Book: Sentimental Education (1869) by Gustave Flaubert. It’s the text that took my love for French studies to the next level and inspired my graduate work in the field. I am very fortunate to be able to teach it on occasion in The Long Novel, a course that I co-teach with professors Tim Spurgin and Peter Thomas.

Recording: New Order, Substance (1987). I’m a child of the ’80s. Just the other day, I realized that at least a few songs from this album have made it onto every single playlist I’ve put together since 1987.

Film: The Battle of Algiers (1966) by Gillo Pontecorvo. Perhaps my favorite film of all time. Time and again, I am astounded by its cinematic beauty and especially by the sensitivity and complexity with which it represents the brutality of colonial occupation.

Ed Berthiaume is director of public information at Lawrence Univeristy. Email: ed.c.berthiaume@lawrence.edu

2 Minutes With … Emily Austin: Singing in the birthplace of opera

Emily Austin '21 works on her vocals in the voice studio in the Lawrence Conservatory.
Emily Austin ’21, here practicing in the voice studio in the Lawrence Conservatory, spent her summer performing in Italy. “It was definitely an amazing opportunity for me to grow as an artist and performer,” she said. It was her second visit to Italy as an artist. (Photo by Danny Damiani)

2 Minutes With … is a series of short features to introduce us to the passions and interests of Lawrentians on and off campus. Find more 2 Minutes With … features here.

Story by Isabella Mariani ’21

Emily Austin ’21 took two trips of a lifetime to Novafeltria, Italy, through La Musica Lirica, an opera training program that sends promising vocalists to the birthplace of opera for an intensive five-week performing experience.

Austin, a music performance major in the Lawrence Conservatory’s voice studio, first got involved in 2017 when La Musica Lirica held one of its annual auditions at Lawrence. She was one of a handful of chosen students, and in the summer of 2018 she took the stage as Despina in a performance of Mozart’s Cosi fan tutte. The incredible experience drove her to audition again later that year and earn a spot in the 2019 summer program.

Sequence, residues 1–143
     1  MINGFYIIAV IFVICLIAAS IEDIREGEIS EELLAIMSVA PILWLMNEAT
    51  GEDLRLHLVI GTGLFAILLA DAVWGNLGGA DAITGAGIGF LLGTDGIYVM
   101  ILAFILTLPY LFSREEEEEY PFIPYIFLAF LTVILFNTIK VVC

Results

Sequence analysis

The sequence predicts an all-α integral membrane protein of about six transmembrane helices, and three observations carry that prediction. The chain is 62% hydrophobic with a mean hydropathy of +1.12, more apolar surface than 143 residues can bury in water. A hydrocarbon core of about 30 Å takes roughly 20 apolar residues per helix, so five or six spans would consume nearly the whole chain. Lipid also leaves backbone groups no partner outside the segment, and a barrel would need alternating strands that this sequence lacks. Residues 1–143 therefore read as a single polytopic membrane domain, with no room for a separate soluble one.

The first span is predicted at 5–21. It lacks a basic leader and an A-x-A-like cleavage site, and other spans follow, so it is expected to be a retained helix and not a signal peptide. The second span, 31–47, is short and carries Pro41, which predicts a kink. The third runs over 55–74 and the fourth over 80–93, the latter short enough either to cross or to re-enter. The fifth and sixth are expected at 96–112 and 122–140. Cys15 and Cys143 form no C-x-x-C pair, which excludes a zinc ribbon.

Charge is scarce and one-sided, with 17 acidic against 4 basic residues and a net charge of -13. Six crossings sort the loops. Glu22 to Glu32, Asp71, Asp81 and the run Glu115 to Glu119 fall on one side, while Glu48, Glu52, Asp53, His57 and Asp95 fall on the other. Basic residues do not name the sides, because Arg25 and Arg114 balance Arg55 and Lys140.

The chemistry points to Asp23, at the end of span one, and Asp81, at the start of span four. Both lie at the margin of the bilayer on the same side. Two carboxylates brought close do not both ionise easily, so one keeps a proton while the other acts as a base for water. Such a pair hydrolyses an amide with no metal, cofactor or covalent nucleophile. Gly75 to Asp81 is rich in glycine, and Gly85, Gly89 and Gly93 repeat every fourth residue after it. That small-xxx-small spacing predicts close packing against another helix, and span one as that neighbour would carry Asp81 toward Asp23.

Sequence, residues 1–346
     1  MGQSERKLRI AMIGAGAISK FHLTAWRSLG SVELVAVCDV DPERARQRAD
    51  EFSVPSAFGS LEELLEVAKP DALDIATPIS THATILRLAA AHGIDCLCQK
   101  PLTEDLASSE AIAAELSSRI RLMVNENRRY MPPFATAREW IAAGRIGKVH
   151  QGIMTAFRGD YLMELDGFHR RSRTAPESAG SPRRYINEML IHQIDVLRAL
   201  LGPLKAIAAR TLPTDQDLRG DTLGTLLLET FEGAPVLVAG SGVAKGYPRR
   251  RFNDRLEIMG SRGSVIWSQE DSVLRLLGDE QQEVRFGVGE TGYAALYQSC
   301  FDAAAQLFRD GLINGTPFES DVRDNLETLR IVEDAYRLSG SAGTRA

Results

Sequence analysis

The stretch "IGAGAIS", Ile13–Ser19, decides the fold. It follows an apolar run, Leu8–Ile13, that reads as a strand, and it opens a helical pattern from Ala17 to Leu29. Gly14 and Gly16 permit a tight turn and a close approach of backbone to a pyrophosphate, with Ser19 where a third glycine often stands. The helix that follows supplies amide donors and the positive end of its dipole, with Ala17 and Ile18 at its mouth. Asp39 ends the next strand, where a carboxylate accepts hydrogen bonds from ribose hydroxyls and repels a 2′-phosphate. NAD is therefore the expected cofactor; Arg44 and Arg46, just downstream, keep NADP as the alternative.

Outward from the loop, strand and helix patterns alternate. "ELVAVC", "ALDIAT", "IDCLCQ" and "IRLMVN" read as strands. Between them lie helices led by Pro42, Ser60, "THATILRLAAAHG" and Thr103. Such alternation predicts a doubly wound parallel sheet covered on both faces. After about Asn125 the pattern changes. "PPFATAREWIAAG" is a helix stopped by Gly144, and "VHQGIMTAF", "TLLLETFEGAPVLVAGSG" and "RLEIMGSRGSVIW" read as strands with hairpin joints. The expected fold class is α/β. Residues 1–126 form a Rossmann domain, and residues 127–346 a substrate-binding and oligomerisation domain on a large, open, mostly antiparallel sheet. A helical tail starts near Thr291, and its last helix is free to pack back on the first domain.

“Being in the place that opera was born and studying it was by far the most important and coolest aspect of the program,” she says.

Staying busy

Austin’s time in Italy with La Musica Lirica was far from rest and relaxation. The students’ itineraries were packed with Italian classes in the morning and rehearsal in the afternoon and evening, not to mention master classes with visiting artists, instruction in Italian diction and vocal lessons.

And then there was preparing for your role. This summer, Austin starred as Susanna in Le nozze di Figaro, one of the most ambitious roles in opera; Susanna is on stage for the entirety of the four-hour production. Austin fought through the stress and says she had the experience of a lifetime, learning much about herself and her craft.

“I was singing my big aria usually at 12:30 at night, which was a challenge and a test of stamina,” she says. “It was definitely an amazing opportunity for me to grow as an artist and performer.”

Finding her voice

Austin, from Washington, D.C., recalls how her love of music and singing was instilled in her long before she came to Lawrence. Her mother took her to baby music classes and she always loved singing along with the radio. There was never a time when music wasn’t part of her life.

“Singing was sort of innate,” she says. “It was just something that seemed right.”

She started taking voice lessons in her freshman year of high school. She scored her first role in an opera here at Lawrence as a lead in the 2018 production of Count Ory, followed by a role in Mass last year. She has since come into her own as a singer with all the skills and passion to succeed in Italy.